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Old 30th September 2008, 12:11 AM   #1
chevalier
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Default spanish colonial lances

lances where used in new mexico as a mans primary weapon in new mexico right up through the early-mid 1800s as the settlers had relatively few firearms until the mid 1800s. i was wondering if anyone had seen examples of these weapons? in charles kenner's "the comanchero frontier" he writes about the new mexicans making tomahawks and lances "of unrivaled grace" and trading them to the comanches and other southern plains indians..
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Old 30th September 2008, 06:20 AM   #2
Jim McDougall
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"...the lance was the favorite weapon of the Presidial soldiers in the northerm frontiers of New Spain. The use of the lance was so thoroughly engrained into the population of this region that even as late as the Mexican War the lancers were some of the most effective troops in the service of Mexico".
("Spanish Military Weapons in Colonial America 1700-1821",
S. Brinckerhoff and Pierce Chamberlain, 1972, p.108)
This is well illustrated in particular in the case of the Battle of San Pascual, August 18,1846, at a location nortn of San Diego, California (an excellent work on this is "Lances at San Pascual", Arthur Woodward, 1948).
A contingent of insurgent 'Californios' led by Don Andres Pico, clashed with U.S. First Dragoons, and the effect of the deadly lancers is described, "...almost every dragoon in the forward party suffered from the point of the willow lances".

I recall research a number of years ago with an official of an Arizona museum who was trying to locate information of lances that were apparantly made for a unit of Californio lancers who were to join Confederate forces in Arizona during the Civil War. I cannot locate notes on this at the moment, but the object was to illustrate that the lance remained a viable weapon that late.

Returning to Spanish colonial lances of the 18th century, Brinckerhoff & Chamberlain note that most extant lance blades found in the southwest appear to be products of local smiths, and the variety in shapes and sizes is almost endless (op.cit. p.108). Many were of socketed form, while many had the tang driven into the shaft.
It should be noted that in these frontier regions, even in Santa Fe, there was typically a regimental armourer/blacksmith who had a number of ironworkers and tried to keep weapons servicable, as well as meet local demands. All manner of surplus and scrap iron was used in fashioning utility items as well as lance heads among knife blades etc. It seems most of the varying forms of these items, though sturdy and workmanlike, I dont think reach the rather exalted description noted in the book cited. Personally, I think they have a rugged charm to them, as Spanish Colonial weapons have always been a fascination to me.
Many local Indian tribesmen were trained in metalwork, and according to Marc Simmons and Frank Turley ("Southwestern Colonial Ironwork", 1980, p.31) they even produced long iron tipped lances for trade with Pueblo tribes.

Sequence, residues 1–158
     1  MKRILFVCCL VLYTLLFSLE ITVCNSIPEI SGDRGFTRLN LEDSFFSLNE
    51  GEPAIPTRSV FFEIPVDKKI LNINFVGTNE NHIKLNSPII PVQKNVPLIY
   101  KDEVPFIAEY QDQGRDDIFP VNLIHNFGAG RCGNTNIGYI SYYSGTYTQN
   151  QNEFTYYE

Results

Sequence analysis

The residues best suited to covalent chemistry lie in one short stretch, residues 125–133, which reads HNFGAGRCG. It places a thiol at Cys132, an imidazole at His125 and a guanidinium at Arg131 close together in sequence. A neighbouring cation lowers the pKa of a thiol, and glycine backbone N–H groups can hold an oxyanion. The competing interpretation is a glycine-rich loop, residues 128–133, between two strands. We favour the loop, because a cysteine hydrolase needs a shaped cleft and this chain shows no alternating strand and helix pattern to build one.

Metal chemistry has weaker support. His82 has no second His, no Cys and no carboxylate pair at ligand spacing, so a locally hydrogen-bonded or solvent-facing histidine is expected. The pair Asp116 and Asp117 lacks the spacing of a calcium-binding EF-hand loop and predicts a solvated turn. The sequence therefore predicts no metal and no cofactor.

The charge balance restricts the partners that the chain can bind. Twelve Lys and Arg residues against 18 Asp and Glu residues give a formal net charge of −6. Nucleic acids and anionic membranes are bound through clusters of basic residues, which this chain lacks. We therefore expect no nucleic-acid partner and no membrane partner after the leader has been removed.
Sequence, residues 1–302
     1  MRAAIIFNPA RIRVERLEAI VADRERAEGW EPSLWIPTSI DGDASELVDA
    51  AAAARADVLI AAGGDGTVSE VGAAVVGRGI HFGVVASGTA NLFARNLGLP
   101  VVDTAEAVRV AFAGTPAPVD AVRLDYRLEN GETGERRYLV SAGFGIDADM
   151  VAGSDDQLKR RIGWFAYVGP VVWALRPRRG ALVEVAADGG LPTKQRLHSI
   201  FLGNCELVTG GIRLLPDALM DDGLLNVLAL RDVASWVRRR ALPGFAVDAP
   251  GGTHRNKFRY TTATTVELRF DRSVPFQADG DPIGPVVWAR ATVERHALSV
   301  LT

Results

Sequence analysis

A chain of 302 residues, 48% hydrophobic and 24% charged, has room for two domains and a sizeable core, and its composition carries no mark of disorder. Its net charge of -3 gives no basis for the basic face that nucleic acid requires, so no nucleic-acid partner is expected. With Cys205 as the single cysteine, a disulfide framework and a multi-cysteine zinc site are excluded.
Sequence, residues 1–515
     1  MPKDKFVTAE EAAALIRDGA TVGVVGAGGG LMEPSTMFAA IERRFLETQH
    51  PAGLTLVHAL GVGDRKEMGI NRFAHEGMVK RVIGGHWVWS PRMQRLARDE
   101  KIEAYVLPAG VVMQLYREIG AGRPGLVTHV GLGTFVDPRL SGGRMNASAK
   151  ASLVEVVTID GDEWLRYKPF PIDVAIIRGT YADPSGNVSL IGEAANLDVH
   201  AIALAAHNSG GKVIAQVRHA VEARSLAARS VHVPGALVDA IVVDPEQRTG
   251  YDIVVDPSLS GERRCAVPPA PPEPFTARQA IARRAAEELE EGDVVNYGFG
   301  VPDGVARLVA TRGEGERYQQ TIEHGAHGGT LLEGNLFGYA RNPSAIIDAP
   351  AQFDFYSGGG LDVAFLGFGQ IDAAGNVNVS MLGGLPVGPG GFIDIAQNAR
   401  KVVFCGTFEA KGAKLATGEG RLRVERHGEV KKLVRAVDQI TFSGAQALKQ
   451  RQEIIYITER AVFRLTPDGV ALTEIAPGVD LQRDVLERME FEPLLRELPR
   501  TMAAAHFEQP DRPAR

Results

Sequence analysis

Though the lance remained a regulation weapon with Presidial troops, there was little uniformity in the examples used, and not all lances were confined to military use (Simmons & Turley, p.177). For the plains, the 'cibolero' or lance for buffalo hunting had a wide blade and wide tang with holes punched in tang or rags cut in edges to secure the head.

Since the Comanches seem to have entered New Mexico mostly in the Northeastern regions, apparantly in thier quest for horses, and finding these as well as other trade with the Spanish, also adopted the lance. In "Native American Weapons" (Colin F. Taylor, 2001,p.10) there is a illustration of a George Catlin painting of a Comanche warrior, His-oo-San-Ches (Little Spaniard), holding a lance with his shield and bow and arrows. It is noted that the southern plains tribes made extensive use of the lance due to contact with Spanish-Mexican soldiers, most of whom were highly skilled lancers (p.62), and that "...only a brave man carried such a weapon as it meant hand to hand combat". Interestly it is also noted on p.122 that a favorite point for lance heads was a sword blade, procured in great numbers from Mexicans, and according to Comanche informants some could be up to 30 inches long.

Could the graceful lance heads have actually been sword blades?


As for the expertise of the Spanish Colonials with the lance, according to Simmons and Turley (p.177) ; "...owing to the scarcity of firearms and a perennial shortage of lead and gunpowder, the lance remained an important weapon in the Spanish Colonies long after it had fallen into disuse elsewhere".

For the quality, it is noted that "...there is no doubt that many ordinary lance points were forged by local smiths, while those of superior workmanship in most cases were imported from the south". This would presume workshops far south of the Santa Fe center in New Mexico, probably as far as Mexico City itself.